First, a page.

All this is challenging to comprehend but is clearly unacceptable:
The “Bulletin of Atomic Scientists” reported that between 1980 and 1992 contractors Grumman, Lockheed, Northrop and Rockwell admitted to or were all convicted of criminal acts related to their work for the Pentagon.
From 1986 to 1990, Pentagon official John Marlowe cooperated in a large sting operation after being caught molesting little girls. The Wall Street Journal reported that as a result “more than 90 companies and individuals were convicted of felonies...including eight of the military’s largest suppliers...”
From 1987 to 2005, there were 2,655 cases of fraud involving the Department of Defense that required action by the Civil Division of the Department of Justice.
The Project on Government Oversight found that from 1989 to 1994, Boeing, Grumman, Hughes, Raytheon, RCA, McDonnell Douglas, General Motors, Teledyne and General Electric pleaded guilty, were convicted or settled in fraud cases involving everything from price-fixing to false testing.
Retired Vice Admiral Jack Shanahan, when speaking about $48 billion in new Pentagon spending called for by George W. Bush in the wake of the Sept. 11, 2001, attacks, said, “With good financial oversight we could find $48 billion in loose change in that building...”
Even Donald Rumsfeld in 2002 said, “According to some estimates we cannot track $2.3 trillion in (defense) transactions.” Speaking for the Defense Finance and Accounting Service, Jim Minnery added, “We know it’s gone. But we don’t know what they spent it on.”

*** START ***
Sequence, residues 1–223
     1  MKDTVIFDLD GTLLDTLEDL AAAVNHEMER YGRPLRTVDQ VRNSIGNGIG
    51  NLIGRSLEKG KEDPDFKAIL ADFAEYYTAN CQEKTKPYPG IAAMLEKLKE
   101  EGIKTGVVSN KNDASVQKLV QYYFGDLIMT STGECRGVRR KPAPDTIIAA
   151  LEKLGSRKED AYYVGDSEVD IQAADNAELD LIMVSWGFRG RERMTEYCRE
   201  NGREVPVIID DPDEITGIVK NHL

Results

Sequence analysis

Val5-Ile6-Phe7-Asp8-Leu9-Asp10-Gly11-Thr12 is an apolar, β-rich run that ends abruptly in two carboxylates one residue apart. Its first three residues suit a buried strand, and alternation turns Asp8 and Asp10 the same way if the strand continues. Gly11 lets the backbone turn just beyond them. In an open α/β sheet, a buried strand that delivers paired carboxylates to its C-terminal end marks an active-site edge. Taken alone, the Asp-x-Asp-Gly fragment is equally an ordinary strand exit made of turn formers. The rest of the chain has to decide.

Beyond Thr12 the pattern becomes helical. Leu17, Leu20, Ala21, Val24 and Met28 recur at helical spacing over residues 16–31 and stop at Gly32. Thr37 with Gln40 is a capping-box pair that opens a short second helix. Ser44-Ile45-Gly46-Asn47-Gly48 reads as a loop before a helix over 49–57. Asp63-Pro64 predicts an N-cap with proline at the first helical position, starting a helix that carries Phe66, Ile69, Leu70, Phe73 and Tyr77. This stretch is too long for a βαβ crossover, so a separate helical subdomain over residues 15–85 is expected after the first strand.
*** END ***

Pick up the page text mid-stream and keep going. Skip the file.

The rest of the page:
In 2003, it was determined by the Pentagon’s own inspector general that $1 trillion could simply not be accounted for. Tragically, at the same time, chemical and biological protection suits were being sold online for pennies on the dollar as soldiers were preparing to invade Iraq without them.
In 2005, a report by the Government Accountability Office listed 25 government programs it judged to be financially risky; eight were programs or functions of the Department of Defense and two—inventory management and weapons system acquisition—had been on the list since 1990. In the GAO assessment, 56 planes, 32 tanks and 36 missiles that the Army just plain lost joined the infamous $640 toilet seat as glaring examples of waste.
In 2007, a $13,400 per month no-work contract was arranged by the Air Force for Charles D. Riechers as he awaited confirmation for a civilian position with the same service branch. Riechers was quoted as saying, “I really didn’t do anything for (Commonwealth Research Institute). I got a paycheck from them.” The company did millions of dollars of work with the Pentagon while Riechers was a principal deputy assistant secretary for acquisitions.
Also in 2007, defense contractor Brent Wilkes and his employee Mitchell Wade were convicted of giving former (now imprisoned) Rep. Randy Cunningham, R-Calif., $1.7 million in cash and gifts in exchange for $240 million in government work.
Fraud-related waste at the Pentagon in 1996 was said to be $172 billion per year. That’s $233 billion in today’s dollars and if just this figure was applied to the 2008 budget of $669.5 billion it would instantly have been reduced by 35 percent to $436.5 billion—Berkley Bedell and Jim Frost